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A revolver and a dagger, two examples of sidearms

A sidearm is an individual-served weapon that is kept at one's side and can be rapidly accessed if needed. A sidearm may be carried alone or as an ancillary weapon to a more frequently-used primary weapon. The term historically referred to swords, daggers, and similar small melee weapons kept at one's side in a sheath, and in modern combat dominated by ranged weapons, sidearms are often defined as handguns that are similarly kept in a holster.[1]

A sidearm is typically required equipment for military officers and may be carried by law enforcement personnel. Usually, uniformed personnel of these services wear their weapons openly, while plainclothes personnel have their sidearms concealed under their clothes.


A shooter, armed with a Remington Model 870 shotgun as her primary weapon and firing a Glock pistol as her sidearm

In many contemporary armies, the issue of a sidearm in the form of a service pistol is a clear sign of authority and is the mark of a commissioned officer or senior NCO. In the protocol of courtesy, the surrender of a commander's sidearm is the final act in the general surrender of a unit. If no ill will is meant, and a strict interpretation of military courtesy is applied, a surrendering commander may be allowed to keep their sidearm in order to exercise their right of command over their men. Similarly, many commanders on a local level have been anecdotally cited[citation needed] as having used the threat of their sidearms to motivate troops, to varied effect.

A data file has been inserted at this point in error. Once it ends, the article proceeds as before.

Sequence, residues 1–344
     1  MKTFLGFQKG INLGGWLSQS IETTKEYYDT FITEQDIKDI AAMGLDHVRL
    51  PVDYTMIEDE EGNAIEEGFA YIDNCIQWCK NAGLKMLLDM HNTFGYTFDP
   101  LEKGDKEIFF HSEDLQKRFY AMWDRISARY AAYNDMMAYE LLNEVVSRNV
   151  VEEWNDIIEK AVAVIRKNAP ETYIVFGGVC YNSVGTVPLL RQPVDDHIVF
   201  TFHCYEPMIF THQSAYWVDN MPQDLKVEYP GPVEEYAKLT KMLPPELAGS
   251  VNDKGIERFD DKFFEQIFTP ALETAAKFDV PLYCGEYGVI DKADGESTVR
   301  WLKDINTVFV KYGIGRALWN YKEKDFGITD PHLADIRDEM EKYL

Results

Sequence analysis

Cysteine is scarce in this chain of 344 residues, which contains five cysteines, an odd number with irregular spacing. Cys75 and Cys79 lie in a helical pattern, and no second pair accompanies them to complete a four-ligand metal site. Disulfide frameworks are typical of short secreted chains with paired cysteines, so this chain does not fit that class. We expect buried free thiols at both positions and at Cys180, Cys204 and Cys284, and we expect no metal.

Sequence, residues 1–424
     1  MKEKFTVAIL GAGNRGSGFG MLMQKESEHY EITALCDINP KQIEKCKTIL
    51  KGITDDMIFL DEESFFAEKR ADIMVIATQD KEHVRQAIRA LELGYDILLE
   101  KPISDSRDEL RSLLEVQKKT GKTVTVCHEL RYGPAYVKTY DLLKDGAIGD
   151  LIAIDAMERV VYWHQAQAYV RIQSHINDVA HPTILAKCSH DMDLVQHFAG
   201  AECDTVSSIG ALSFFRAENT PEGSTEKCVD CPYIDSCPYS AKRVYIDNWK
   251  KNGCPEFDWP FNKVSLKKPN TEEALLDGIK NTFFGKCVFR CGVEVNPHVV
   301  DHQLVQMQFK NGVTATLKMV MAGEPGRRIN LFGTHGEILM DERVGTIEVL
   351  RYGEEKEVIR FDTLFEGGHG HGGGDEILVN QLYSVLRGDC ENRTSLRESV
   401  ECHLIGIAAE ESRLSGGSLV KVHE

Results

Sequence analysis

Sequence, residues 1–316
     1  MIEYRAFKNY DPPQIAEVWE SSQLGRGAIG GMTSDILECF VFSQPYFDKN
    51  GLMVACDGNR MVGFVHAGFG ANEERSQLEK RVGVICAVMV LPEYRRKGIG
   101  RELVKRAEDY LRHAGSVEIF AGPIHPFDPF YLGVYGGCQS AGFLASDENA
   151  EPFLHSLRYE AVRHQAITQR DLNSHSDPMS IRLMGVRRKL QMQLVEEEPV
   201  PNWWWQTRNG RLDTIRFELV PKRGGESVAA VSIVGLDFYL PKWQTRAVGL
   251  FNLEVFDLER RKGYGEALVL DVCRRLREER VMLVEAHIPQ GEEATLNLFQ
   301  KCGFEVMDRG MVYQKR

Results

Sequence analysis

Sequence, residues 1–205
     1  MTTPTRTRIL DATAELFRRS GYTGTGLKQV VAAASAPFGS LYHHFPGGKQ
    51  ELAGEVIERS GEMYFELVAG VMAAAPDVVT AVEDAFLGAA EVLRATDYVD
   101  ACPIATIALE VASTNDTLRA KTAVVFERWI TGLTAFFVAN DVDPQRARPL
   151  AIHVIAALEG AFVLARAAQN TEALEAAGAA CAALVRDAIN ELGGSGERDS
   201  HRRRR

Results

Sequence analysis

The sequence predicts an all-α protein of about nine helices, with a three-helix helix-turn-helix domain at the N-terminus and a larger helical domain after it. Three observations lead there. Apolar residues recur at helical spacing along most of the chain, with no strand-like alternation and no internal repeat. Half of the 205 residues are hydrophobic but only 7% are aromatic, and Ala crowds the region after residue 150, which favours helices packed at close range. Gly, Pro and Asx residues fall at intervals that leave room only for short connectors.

An important purpose of the sidearm is to be used if the primary weapon is not available (damaged or lost), if it has run out of ammunition, or if it malfunctions. Many soldiers armed with a long gun such as a rifle or submachine gun may also have a semi-automatic pistol as a sidearm. Personal defense weapons are often issued as personal sidearms to combat personnel who operate in cramped spaces in which a rifle or carbine would be impractical, such as truck drivers, helicopter pilots, and vehicle crews.

See also


  1. ^ "Definition of SIDEARM". Retrieved 2019-11-20.